Independent consultants Hewell Taylor Freed & Associates will be
carrying out the consultation on our behalf and they are inviting a
representative sample of osteopaths to take part in face-to-face or
telephone interviews, or focus groups. If you are contacted about these
additional activities, please do take the time to participate
All feedback is greatly appreciated – your insight is vital to the
development of these standards.
Further information from: Denise Taylor, Hewell Taylor Freed & Associates,
at denisetaylor.htp@virgin.net.
ebulletin >
September 2010
Make a note
Three cases recently heard by the Professional Conduct Committee highlight the importance of
making and maintaining comprehensive patient case histories.
Case 1
Woeful and inadequate
Clear and concise case notes are crucial to good practice as a recent case before the
Professional Conduct Committee (PCC) clearly illustrated. The case resulted in a finding of
unacceptable professional conduct.
The registrant involved failed to keep
adequate notes and records of his
patient’s complaints and symptoms,
including details of their nature, site,
mode of onset, duration, progress,
daily pattern and
aggravating/relieving factors.
In addition, the registrant failed to
keep case notes of any variation in
the patient’s medical health status,
the results of active and passive
examination of the patient’s spine,
the results of neurological tests, the
reasoning in support of the diagnosis
and the diagnosis itself. Notes
regarding the actual treatment were
also not logged.
The Committee described the case
notes – such as they were – as “the
worst that [it] has seen”and “woefully
The Committee sanctioned the
registrant at the lower end of the
scale with an admonishment, but this
reflected the fact that, by the time the
registrant appeared before the
Committee, he had changed his
practice and dramatically improved
his record keeping. The Committee
noted that the registrant was now
“using the same computer system
but using it appropriately and fully”.
In addition, the registrant had “taken
corrective steps by properly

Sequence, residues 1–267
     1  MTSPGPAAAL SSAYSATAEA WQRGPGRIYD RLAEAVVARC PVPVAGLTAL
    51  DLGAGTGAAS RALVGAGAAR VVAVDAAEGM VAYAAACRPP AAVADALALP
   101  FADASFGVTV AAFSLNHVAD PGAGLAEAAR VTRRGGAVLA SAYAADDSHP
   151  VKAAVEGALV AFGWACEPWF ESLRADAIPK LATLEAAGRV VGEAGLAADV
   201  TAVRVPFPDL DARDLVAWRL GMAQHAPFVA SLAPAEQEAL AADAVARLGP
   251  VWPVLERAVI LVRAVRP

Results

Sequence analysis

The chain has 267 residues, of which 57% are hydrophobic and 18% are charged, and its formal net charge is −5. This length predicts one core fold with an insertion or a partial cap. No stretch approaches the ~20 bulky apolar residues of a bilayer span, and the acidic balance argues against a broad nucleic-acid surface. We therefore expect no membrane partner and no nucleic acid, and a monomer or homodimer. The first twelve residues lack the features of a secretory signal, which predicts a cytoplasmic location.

implementing and completing his
computer case records”.
The Committee took the opportunity
to emphasise the importance of good
record keeping to the osteopathic
profession. It is “a vital tool for clinical
decision-making and ensuring safe
continuity of care,”it said.
Additional information
References in the GOsC’s Standard
of Proficiency (Standard 2000 ):
section J, paragraph 23, points J1
and J9.
References in the GOsC’s Code of
Practice: paragraph 6.
ebulletin >
September 2010
Case history issues played a crucial role in another
recent finding by the PCC of unacceptable
professional conduct.
In this case, the Committee
found a wide-ranging list of
poor service by the registrant,
including failure to adequately
explore the onset of the
patient’s current episode,
further information regarding
relieving factors, progression of
the condition since onset and
associated signs and
symptoms suffered by the
patient. But it found the
registrant’s inadequate record
keeping to be “of paramount
importance”in the case.
According to the Committee
ruling, the registrant’s lack of
adequate note taking made it
difficult for him to demonstrate
that he had taken an adequate
case history and to justify his
diagnosis and treatment plans.
By his own admission, he had
failed to record: the patient’s
case history; her presenting
symptoms; his examination of
her; his clinical findings; his
diagnosis; the treatment plan;
and details of the treatment
In summing up,the Committee
said the registrant’s conduct had
fallen below the standard of an
osteopath. However,it also
found that the practitioner had
provided persuasive evidence
that the practice concerned had
been significantly improved
since the events that had led to
the complaint and hearing. The
registrant had “produced a new
record system”,which the
Committee said was “thorough
and detailed and in accordance
with the requirements of the
Code of Practice for the delivery
of safe and competent patient
Case 3
Case 2
Inadequate note taking
contributed to the risk
Clinical testing
Failing to keep a
contemporaneous and full